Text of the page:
What We Do in the Shadows Episode 6 Review: Baron’s Night Out

Vampires show off Staten Island's nightlife in What We Do in the Shadows' "Baron's Night Out."

What We Do in the Shadows episode 6 Baron's Night Out

This What We Do in the Shadows review contains spoilers.

What We Do in the Shadows Episode 6

What We Do in the Shadows, episode 6, “Baron’s Night Out,” is the episode I was waiting for. It breaks the taboo of killing a member of the film crew, allows real peril to enter the series and finally unleashes Baron Afanas (Doug Jones) in all his inglorious flesh.

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Afanas is a great character who has been kept on ice. He represents the real old world vampire of Nosferatu in the modern world. His approach to everything is anti-stealth. He offers no quarter and no one is safe. He gets very loud and boisterous and vampiry, drinking public urinators, doing shots direct from the tap of a carotid artery, and being an all-around over-the-top bloodsucker.

Just because Afanas has decomposed doesn’t mean he can’t be composed, as far as Staten Island’s vampires Nadja (Natasia Demetriou), Laszlo (Matt Berry) and Nandor (Kayvan Novak) are concerned. The Baron becomes a “massive prick, ironic because he doesn’t have one,” once he hits the streets. But not to the viewers. We want him to enjoy the vast smorgasbord which is Staten Island by night. We applaud when he proclaims himself a vampire to the man who chides him with “devil’s suck.” The more Afanas embarrasses them, the happier it is for us. Not only because we get a glimpse of what this trio could be doing, because let’s face it, it would be a different show it opened with them doing shots. But also because the more uncomfortable they are, the funnier they are.

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Nadja is openly impatient with the Baron, and has been for a few episodes. Nandor is beside himself, right next to a too-close Guillermo, over how to act and treat the lingering guest who is taking up so much storage space. They are all socially awkward around Baron Afanas, with the ironic exception of Colin Robinson (Mark Proksch), who is loving this. But then they up the ante on self-consciousness.

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Even Afanas suffers the embarrassment of possible faux pas. Colin lends him some normal, people clothes to wander among the populace in. But being Colin, fashion comes at a price. He drains the old sucker with too many details about corduroy slacks and the Baron knows he’s going to push tweed or something on him. He wants to ditch the energy vacuum but doesn’t it to be made into a big thing. The human qualities the vampires retain are the worst they could have chosen. Nandor would have taken over the new world by now if he wasn’t afraid of offending the neighbors.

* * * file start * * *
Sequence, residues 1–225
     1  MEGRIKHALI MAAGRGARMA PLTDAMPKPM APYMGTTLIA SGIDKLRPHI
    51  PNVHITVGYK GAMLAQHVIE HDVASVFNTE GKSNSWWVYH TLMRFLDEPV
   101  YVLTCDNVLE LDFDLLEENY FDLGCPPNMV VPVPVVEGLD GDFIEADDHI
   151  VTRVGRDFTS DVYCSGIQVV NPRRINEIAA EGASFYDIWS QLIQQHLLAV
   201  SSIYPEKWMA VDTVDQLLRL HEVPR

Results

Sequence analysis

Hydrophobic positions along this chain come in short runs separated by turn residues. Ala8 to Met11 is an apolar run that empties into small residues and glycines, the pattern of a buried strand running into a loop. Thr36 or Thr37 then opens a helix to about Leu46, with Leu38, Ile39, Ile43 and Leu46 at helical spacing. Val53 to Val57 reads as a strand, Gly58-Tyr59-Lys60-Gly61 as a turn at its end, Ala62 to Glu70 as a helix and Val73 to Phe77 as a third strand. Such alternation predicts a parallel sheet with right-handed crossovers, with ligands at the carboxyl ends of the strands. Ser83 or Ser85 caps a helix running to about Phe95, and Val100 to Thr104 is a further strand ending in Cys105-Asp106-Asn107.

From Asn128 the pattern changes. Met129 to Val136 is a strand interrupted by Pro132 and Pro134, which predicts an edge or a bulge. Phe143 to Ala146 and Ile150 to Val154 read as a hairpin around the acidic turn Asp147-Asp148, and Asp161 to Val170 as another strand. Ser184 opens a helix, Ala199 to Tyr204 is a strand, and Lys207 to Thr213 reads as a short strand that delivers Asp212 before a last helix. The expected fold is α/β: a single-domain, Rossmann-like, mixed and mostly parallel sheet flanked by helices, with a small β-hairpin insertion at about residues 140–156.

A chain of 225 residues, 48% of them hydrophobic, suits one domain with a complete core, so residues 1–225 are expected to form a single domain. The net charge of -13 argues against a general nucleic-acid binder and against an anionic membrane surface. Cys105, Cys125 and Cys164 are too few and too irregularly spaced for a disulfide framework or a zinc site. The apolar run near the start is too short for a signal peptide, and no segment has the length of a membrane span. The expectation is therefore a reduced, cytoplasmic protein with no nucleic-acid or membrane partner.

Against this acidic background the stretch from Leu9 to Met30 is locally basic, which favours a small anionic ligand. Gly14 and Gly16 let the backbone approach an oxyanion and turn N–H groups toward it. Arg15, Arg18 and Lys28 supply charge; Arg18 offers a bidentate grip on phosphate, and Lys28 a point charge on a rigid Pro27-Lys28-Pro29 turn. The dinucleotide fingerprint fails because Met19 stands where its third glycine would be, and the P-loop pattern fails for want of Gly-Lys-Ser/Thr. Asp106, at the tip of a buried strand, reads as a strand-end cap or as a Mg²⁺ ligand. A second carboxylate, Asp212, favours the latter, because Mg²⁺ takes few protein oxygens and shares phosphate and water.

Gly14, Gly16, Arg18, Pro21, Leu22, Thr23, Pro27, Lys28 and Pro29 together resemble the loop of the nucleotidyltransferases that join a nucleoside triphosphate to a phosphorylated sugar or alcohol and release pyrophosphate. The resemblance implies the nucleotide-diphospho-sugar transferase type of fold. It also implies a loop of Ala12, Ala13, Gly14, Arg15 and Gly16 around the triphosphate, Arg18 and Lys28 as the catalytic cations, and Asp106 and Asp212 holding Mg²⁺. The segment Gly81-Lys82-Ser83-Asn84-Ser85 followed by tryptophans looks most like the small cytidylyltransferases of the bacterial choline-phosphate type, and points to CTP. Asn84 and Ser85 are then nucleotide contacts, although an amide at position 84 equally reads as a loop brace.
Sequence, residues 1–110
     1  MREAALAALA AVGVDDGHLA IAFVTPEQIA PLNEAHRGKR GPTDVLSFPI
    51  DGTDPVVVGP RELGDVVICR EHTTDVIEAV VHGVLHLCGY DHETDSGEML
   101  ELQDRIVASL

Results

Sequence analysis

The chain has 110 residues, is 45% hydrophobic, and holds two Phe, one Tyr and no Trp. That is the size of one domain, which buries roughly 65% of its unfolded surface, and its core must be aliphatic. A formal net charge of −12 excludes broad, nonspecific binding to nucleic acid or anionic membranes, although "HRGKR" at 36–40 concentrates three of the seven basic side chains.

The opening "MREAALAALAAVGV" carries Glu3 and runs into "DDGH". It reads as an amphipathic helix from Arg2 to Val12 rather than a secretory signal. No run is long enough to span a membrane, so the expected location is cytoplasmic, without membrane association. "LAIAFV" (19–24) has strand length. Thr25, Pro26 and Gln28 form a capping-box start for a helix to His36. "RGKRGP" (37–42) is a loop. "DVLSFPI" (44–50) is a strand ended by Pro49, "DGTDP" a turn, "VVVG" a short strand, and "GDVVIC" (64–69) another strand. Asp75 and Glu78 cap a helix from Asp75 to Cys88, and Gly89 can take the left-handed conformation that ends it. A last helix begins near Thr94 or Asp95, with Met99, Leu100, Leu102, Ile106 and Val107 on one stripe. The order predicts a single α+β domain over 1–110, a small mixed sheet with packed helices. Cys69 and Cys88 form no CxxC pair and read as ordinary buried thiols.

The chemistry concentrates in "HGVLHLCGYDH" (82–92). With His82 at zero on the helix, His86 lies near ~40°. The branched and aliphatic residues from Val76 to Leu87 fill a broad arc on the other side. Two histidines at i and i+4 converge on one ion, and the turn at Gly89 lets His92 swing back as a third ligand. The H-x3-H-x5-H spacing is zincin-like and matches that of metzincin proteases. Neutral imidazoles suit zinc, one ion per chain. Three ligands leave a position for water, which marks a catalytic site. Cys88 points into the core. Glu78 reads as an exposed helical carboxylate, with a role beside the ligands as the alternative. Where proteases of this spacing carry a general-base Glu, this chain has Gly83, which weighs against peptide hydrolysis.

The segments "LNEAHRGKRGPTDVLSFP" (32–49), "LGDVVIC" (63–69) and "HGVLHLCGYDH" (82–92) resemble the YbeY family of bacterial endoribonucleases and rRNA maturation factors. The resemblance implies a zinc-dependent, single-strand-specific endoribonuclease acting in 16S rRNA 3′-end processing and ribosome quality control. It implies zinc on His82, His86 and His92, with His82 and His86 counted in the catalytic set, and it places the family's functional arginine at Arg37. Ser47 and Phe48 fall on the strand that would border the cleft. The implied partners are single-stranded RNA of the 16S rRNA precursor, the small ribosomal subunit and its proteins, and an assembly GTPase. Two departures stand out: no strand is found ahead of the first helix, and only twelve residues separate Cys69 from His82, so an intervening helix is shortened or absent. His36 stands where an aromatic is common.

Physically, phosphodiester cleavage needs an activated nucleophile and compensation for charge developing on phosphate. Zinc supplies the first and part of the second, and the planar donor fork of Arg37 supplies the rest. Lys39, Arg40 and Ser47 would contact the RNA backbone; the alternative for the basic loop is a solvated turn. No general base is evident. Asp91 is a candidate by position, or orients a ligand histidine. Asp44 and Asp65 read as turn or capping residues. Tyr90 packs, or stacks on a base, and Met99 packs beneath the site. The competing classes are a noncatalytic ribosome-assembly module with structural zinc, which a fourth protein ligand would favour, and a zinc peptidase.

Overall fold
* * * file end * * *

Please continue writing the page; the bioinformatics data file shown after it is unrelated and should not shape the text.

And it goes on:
Two episodes ago, the vampires went to a Manhattan nightclub which was a habitué for the vampire who reigns over New York City. At least before he rained all over New York City. The setting of that evening was a vampire club. Tonight the vampires start at a dive bar, which makes for interesting contrast. Afanas is a joy to watch having a ball, especially when he also drops his pants to demonstrate how he’s actually missing them. We get to see him at his most vulnerable as well as his most guarded.

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One of his best moments comes after Afanas shares how he is growing tired of killing, weary of his own anger, and at a loss for the meaning of it all. He admits things could have gone very different, even on this night. Hey, we’re all killers here, right? Nandor has a background of military conquest and a fetish for pillaging. The Baron was whatever he was, because we get a revelation about him which calls his very title into question. So when Nandor admits, vampire warrior to vampire warrior, that the group was actually also ready for a different kind of night, you would think it would cement the bond.